Mexico is on the cusp of a major change economically.
That sentence is filled with several landmines. Any time a nation veers off of its customary economic course, there is political Hell to pay. Britain's industrial nationalization after the second world war. America's de-regulation of airlines during the Carter years. Red China opening its markets to western companies.
For Mexico, the issue is oil. I will write an historical piece on how the political issue of oil has become so explosive. That can wait. Suffice it to say that most Mexicans see their country's oil assets as a matter of national pride. Messing with it is like throwing a match on tinder. And there are plenty of politicians standing around flicking their Bics.
Mexico has long been an oil producer. But, after a major find in 1976, it became a major oil player. Sixth in the world. Second in the Americas -- after The States. And since 1938, the whole process has been nationalized and is now completely controlled by the government company PEMEX.
That 1976 discovery changed Mexico. By selling its oil on the open market and providing subsidized low-cost oil to its internal businesses, Mexico launched itself into the ranks of middle income countries.
The revenue from oil sales made up a large percentage of the Mexican federal budget. Without the sale of its oil, Mexico would now be a far more-impoverished country.
But oil, like any other natural resource, will come to end when it is used up. And that is what is currently happening with Mexican oil reserves. Less oil means less revenue -- and less taxes to run the central government.
Experts suspect that Mexico has vast reserves of oil. But they are in the deeper portions of the Gulf of Mexico.
That is where the dilemma comes in. Mexico does not have expertise in deep-sea oil exploration. It has never needed to seek that option. And because PEMEX is a government monopoly, it has no competition to make it innovative.
The Mexican government in that last year has passed a series of amendments to the constitution to allow foreign companies to assist Mexico in finding these deep-sea reserves. I will confess that I am a bit confused about what the amendments allow. The press reports are contradictory. And none of the politicians can be trusted to fairly describe what the language does.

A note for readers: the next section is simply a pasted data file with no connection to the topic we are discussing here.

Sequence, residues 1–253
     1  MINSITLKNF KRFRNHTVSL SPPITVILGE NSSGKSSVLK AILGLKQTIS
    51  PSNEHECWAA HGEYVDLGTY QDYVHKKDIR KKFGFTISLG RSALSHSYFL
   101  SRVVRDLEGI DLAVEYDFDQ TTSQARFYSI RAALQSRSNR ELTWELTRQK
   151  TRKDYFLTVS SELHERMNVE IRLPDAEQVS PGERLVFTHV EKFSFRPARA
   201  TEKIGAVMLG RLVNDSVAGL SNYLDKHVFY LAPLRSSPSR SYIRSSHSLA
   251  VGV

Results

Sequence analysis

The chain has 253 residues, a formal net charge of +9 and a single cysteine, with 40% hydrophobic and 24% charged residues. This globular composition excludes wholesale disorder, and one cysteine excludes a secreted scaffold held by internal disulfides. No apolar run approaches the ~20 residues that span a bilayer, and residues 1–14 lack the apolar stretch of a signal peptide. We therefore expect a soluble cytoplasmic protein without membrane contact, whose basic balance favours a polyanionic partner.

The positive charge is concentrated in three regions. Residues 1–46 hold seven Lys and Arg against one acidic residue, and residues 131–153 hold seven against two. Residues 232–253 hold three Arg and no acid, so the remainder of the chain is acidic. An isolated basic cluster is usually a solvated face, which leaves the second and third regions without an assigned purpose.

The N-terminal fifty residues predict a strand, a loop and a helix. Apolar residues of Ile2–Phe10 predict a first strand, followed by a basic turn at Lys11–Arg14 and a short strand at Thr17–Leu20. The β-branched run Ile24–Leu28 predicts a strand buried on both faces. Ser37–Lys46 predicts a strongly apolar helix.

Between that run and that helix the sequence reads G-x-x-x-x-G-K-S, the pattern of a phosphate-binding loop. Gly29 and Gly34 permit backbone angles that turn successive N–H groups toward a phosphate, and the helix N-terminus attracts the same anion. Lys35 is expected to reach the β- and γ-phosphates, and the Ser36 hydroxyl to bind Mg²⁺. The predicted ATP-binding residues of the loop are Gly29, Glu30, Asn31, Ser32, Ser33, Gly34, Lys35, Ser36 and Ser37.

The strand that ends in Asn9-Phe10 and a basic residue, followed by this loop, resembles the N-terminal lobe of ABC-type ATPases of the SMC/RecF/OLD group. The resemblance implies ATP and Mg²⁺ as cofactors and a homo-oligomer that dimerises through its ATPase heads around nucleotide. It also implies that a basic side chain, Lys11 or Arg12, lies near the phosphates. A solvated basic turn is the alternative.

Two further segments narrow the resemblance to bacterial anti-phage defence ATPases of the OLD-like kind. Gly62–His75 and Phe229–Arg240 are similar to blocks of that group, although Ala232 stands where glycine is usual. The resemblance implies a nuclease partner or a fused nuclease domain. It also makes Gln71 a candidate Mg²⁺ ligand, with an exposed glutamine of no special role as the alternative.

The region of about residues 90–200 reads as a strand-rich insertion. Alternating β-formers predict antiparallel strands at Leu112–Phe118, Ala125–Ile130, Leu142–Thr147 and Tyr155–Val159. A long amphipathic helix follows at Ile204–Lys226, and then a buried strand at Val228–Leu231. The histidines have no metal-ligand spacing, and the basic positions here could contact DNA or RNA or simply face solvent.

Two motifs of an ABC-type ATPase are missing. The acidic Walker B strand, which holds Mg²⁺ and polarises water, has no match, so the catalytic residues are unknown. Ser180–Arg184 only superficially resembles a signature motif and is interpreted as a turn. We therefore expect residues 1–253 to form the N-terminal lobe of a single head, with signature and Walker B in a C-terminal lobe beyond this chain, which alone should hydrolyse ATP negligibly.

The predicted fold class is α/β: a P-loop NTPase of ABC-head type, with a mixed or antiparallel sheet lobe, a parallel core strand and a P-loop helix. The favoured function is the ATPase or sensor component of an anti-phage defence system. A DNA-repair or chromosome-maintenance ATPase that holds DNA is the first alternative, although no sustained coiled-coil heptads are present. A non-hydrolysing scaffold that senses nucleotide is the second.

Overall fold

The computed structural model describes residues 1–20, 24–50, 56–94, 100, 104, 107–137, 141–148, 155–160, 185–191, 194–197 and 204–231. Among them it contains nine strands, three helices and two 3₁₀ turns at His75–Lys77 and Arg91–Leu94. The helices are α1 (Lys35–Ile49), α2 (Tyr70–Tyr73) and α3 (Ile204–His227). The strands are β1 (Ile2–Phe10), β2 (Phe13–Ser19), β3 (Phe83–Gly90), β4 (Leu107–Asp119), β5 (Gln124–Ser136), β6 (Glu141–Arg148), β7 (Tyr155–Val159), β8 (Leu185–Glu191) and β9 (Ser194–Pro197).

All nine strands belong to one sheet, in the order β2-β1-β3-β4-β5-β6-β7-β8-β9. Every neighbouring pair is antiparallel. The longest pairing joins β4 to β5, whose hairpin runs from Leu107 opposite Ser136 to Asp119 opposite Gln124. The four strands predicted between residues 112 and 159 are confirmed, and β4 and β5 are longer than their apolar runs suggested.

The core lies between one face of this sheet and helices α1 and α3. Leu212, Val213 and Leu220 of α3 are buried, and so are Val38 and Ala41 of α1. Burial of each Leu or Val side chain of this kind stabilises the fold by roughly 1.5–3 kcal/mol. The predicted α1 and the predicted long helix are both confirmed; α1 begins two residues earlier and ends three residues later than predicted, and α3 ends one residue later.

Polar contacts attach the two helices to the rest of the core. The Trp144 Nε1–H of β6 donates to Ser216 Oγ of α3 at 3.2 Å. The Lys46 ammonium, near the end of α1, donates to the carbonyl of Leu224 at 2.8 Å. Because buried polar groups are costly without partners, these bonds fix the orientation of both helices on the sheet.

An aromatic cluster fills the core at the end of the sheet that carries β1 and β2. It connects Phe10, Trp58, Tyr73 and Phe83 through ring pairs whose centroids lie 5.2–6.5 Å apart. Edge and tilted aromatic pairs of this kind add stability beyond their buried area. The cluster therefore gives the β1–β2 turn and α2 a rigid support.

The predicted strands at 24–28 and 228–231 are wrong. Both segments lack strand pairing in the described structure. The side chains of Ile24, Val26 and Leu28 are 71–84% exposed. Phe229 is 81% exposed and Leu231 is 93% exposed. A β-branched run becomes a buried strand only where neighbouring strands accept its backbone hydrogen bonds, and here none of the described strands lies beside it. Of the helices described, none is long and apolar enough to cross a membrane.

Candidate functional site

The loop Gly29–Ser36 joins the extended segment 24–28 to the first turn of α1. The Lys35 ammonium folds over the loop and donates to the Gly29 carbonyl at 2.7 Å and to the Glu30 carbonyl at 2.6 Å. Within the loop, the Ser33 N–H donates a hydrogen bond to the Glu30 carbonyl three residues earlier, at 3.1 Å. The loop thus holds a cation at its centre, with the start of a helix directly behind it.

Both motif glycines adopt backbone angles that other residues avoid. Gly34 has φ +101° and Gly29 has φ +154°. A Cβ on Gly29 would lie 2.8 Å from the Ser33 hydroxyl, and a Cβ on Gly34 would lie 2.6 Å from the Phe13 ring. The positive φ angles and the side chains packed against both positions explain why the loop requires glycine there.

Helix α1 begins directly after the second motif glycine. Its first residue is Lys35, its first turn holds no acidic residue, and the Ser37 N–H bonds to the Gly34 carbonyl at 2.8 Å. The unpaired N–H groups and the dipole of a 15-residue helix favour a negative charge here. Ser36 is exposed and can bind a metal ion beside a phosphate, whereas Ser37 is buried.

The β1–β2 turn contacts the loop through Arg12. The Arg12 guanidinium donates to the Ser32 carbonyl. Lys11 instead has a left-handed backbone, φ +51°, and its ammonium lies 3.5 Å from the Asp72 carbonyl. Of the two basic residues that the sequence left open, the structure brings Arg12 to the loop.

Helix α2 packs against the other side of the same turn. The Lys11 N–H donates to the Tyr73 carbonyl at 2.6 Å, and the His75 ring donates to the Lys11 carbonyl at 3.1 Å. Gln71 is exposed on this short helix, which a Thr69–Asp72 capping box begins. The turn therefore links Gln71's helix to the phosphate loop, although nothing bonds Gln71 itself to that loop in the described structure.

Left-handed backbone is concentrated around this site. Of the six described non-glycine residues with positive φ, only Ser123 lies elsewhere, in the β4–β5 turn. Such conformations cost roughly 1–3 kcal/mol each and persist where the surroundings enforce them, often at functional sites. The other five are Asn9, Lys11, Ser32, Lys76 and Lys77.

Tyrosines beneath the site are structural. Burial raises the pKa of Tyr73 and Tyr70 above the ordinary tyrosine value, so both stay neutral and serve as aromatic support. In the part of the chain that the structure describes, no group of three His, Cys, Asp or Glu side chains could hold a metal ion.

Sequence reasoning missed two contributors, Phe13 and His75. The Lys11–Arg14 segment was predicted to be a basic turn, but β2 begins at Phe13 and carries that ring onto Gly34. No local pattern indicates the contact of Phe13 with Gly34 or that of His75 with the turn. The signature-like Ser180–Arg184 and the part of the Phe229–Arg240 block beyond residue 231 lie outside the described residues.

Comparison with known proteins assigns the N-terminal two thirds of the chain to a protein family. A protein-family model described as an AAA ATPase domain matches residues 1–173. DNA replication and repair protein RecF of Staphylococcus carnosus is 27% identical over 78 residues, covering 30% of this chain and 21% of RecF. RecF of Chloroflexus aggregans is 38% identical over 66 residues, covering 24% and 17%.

But something big is happening.
You can tell that because the political opposition on the left has come to life. Not surprisingly. Opinion polls show that a majority of Mexicans are opposed to the changes. For Americans, it would be like tampering with the Second Amendment.
Last month I told you that San Patricio was visited by one of the favored leaders of Mexico's left (dr. lópez obrador has a cure for you) -- AMLO. He was here to announce his new party. Morena.
AMLO would like to be president. He has been running continuously for the position for at least eight years. And, even though the presidential election is still four years away, his party has already indulged in a political tradition here in Mexico -- painting the sides of buildings with party slogans. Think of it as Mexican muralism on the cheap.
If there is any doubt what AMLO is up to, the slogans make it clear. He intends to ride barrels of oil into the presidential palace.
And it will be a contentious fight. I showed this photograph to two Mexican acquaintances. The first said: "Finally, someone is fighting for the people." The second hissed through clenched teeth: "Communist bastard."
It appears that Americans are not the only people in the world whose political views are severely divided.
I am going to enjoy reporting this one from the front lines.